A new film describes a world whose inhabitants have been broken, but offers the hope that all can be repaired.
UNCERTAIN is at the ICA in London from 10th March and On Demand from 17th March at http://uncertainfilm.com/
"Uncertain” is the story of redemption brought into the lives of three men - and of hope brought to a whole town … and eventually all of humanity. And it is a documentary. A writer of fiction would have been so lucky to have assembled the layered richness of meaning and interpretation we find in this film … and yet as audience, we remind ourselves throughout that the meaning was there in the ordinary lives of the inhabitants of Uncertain, Texas, all ready to be taken, harvested, nurtured into this uncomfortable but ultimately uplifting, mythopoetic tale. And yes, like Paris, there really is a place called Uncertain on the Louisiana border. And that reinforces the powerful lesson at the heart of the film: our world needs hope and redemption; whatever each individual route to it - through science, religion or collective action - the possibility of something better exists here, through our agency and common humanity.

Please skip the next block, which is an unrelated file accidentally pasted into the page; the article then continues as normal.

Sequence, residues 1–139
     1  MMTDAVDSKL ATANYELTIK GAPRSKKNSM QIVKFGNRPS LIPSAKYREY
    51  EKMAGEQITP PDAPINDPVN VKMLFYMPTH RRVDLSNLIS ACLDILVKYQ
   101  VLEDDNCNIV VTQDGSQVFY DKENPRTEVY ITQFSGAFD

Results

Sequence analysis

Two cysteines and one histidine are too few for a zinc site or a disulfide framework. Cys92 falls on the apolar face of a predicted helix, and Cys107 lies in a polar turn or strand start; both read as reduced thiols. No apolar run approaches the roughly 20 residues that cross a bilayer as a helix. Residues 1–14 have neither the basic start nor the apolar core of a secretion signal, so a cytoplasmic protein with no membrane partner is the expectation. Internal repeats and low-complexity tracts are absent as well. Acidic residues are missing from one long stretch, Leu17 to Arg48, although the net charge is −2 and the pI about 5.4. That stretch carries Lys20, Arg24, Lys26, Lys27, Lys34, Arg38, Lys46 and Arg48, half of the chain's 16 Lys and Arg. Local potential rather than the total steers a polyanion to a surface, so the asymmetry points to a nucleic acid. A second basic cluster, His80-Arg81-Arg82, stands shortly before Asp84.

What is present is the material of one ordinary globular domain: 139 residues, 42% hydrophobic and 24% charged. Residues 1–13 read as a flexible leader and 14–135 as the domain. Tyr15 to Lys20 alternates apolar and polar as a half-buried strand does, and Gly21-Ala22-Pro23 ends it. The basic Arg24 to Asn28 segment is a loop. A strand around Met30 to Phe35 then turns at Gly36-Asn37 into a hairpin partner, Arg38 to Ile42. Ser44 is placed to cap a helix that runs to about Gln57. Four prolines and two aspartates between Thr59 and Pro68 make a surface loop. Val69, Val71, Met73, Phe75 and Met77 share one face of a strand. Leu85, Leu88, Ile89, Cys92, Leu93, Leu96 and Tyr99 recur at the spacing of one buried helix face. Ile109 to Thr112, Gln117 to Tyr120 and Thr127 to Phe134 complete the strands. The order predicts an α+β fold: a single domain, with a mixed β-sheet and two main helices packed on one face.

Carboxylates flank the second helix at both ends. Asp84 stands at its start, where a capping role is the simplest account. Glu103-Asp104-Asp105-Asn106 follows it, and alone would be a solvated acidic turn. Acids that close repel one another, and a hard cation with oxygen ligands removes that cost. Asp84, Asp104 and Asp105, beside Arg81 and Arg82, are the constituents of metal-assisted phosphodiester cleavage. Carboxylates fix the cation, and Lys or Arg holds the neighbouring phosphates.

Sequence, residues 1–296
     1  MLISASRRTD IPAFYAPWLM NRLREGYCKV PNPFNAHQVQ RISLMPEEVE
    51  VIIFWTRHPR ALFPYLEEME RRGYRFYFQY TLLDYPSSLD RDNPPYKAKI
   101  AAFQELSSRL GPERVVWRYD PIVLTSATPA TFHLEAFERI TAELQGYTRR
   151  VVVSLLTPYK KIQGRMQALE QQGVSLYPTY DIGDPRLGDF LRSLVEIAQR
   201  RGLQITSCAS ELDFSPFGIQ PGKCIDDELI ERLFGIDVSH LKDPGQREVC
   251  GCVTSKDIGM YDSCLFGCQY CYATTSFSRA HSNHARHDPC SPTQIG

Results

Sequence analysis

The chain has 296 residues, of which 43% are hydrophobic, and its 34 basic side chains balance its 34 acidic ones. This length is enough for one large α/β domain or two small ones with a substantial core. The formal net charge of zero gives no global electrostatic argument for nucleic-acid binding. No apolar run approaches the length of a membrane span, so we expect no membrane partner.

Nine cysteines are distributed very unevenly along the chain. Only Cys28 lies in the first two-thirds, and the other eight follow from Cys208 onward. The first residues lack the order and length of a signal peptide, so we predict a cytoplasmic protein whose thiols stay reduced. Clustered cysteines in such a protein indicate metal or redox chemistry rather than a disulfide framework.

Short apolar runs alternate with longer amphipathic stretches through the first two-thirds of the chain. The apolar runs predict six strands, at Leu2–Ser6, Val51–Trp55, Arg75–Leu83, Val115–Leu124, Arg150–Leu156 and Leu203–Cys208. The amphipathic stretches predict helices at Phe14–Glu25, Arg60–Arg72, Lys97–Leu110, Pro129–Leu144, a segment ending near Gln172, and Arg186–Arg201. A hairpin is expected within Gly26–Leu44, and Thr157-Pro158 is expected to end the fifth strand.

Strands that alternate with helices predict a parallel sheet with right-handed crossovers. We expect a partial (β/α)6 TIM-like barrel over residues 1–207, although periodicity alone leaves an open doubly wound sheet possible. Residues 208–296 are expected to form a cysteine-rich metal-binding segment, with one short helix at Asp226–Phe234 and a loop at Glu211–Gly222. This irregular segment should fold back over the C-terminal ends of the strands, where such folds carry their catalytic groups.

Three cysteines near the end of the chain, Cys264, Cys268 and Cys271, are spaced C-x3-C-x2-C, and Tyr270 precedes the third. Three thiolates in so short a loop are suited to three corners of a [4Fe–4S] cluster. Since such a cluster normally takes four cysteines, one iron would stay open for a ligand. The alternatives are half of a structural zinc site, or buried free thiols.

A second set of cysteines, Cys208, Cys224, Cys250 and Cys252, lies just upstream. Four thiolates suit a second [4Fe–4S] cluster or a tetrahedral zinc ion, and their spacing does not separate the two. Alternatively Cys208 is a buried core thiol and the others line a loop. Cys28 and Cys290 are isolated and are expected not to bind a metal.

There are moments of uneasiness with the documentary nature of the film - is this cheap voyeurism into the lives of others on the trailer park? But the film is always reminding us that this is not about them, in Uncertain; no: they are us. We can see our whole world in Uncertain, and we are all its inhabitants - look closely into the ordinary anywhere, suggests the film, and you too can build the world into this lesson.
The breathtakingly beautiful opening sequence emphasises that this is the story of the world: first there is swamp and water; then the insistent noise of a powerful machine, a sort of heartbeat, that will start the world going; then in the darkness emerge some humans, some of them making the cries of animals. And finally the camera pans over real human settlement on the edge of swamp - board houses on stilts, a dog on a balcony - to enter the town, announced first by a warehouse labelled “Uncertain, Flea Market”, then another modest wood front labelled “Uncertain Town Hall” and finally a postbox, “Uncertain, Church”. Out of the primeval swamp comes those three pillars of humanity’s cohabitation with nature: commerce, the collective and the spirit. The film announces its grand theme from the outset.